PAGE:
Smaller breeding herds and lower production costs could help struggling US pork producers turn a modest profit this year, according to a leading agricultural economist.
Purdue University economist Chris Hurt said a slight decline in production would lift hog prices, helping farmers cover their costs of production and get their margins back on track.
In his analysis of the US Department of Agriculture’s March Hogs and Pigs report, published on the website farmdocDAILY, Hurt said two years of pig-herd expansion had left producers losing money and struggling to make their businesses sustainable.
But producer plans — outlined in the USDA report — to cut farrowing numbers by 1% this spring and by 3% in the summer would help farmers’ bottom lines.
“If they follow through on these intentions, pork supplies will be smaller than previously anticipated next fall and winter,” said Hurt. “Smaller anticipated supplies will likely boost price prospects.”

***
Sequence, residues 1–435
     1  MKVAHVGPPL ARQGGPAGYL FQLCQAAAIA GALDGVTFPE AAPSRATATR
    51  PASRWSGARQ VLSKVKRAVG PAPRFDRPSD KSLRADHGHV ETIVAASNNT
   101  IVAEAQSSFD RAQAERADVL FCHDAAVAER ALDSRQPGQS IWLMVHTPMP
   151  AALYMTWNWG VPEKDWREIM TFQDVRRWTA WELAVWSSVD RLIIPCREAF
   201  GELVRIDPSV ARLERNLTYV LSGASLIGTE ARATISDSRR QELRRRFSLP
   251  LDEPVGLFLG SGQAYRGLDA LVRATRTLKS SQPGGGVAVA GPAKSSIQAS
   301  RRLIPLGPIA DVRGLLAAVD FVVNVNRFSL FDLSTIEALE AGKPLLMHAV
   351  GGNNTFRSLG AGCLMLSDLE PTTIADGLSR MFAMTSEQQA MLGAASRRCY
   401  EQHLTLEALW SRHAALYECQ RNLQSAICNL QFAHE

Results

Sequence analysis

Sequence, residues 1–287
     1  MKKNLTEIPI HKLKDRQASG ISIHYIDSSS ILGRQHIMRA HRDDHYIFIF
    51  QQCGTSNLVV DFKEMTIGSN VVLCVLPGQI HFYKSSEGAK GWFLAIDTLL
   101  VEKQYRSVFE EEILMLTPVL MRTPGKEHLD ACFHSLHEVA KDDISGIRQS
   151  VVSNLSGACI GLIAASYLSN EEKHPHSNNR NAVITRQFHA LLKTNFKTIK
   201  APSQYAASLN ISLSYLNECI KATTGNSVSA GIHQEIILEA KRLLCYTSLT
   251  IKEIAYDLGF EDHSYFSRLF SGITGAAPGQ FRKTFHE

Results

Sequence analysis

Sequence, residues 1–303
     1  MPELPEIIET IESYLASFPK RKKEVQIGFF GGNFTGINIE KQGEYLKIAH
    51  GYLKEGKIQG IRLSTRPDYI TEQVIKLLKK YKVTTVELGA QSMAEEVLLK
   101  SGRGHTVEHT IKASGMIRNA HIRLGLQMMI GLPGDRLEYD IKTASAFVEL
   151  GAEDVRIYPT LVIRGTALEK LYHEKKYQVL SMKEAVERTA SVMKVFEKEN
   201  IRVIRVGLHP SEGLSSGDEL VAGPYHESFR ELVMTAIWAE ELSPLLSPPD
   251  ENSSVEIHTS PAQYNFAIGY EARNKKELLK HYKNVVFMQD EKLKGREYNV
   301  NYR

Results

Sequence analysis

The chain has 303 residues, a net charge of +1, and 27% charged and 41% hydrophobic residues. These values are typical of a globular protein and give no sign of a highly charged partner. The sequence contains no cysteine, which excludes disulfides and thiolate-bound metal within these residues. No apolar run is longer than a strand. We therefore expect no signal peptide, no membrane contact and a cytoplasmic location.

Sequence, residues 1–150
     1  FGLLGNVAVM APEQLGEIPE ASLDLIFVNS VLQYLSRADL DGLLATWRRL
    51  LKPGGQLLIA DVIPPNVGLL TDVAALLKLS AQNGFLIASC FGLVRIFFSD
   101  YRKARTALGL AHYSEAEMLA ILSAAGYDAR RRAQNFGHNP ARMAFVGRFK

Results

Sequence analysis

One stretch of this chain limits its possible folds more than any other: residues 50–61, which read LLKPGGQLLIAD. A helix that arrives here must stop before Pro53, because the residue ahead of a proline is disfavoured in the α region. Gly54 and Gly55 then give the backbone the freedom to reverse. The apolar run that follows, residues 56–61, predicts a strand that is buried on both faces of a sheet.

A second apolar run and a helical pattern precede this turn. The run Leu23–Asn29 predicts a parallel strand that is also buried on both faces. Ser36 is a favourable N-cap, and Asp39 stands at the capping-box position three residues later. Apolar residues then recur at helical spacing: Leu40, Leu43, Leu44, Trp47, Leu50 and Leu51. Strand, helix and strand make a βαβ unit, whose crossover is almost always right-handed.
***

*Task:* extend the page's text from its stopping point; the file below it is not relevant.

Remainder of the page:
Hurst said he expected live hog prices to range from $49 to $54$ ($1= 0.87, May 2016) per hundredweight for the rest of the year — about $1 higher than last year.
“Current prices in the higher $40s are expected to move to the higher $50s or low $60s by June and July,” he added. “Strong prices are expected until September when the normal seasonal pattern begins a sharp decline.”
Production costs were expected to be at their lowest level for nine years thanks to low feed costs, estimated to be at about $50 per live hundredweight for the whole of 2016.
This meant that the outlook for 2016 was for an average profit of about $6 per head, compared to an estimated $3 per head of loss for 2015.
In future, Hurst said producers needed to keep breeding-herd expansion limited to 1% per year if the industry was to continue to make a profit.
“At this time of year, producers are reminded of the threat of higher feed prices if weather should turn harmful to the growing US crops,” he added.
“Some coverage of new-crop feed supplies should be considered with current price prospects at the lowest level in nine years.”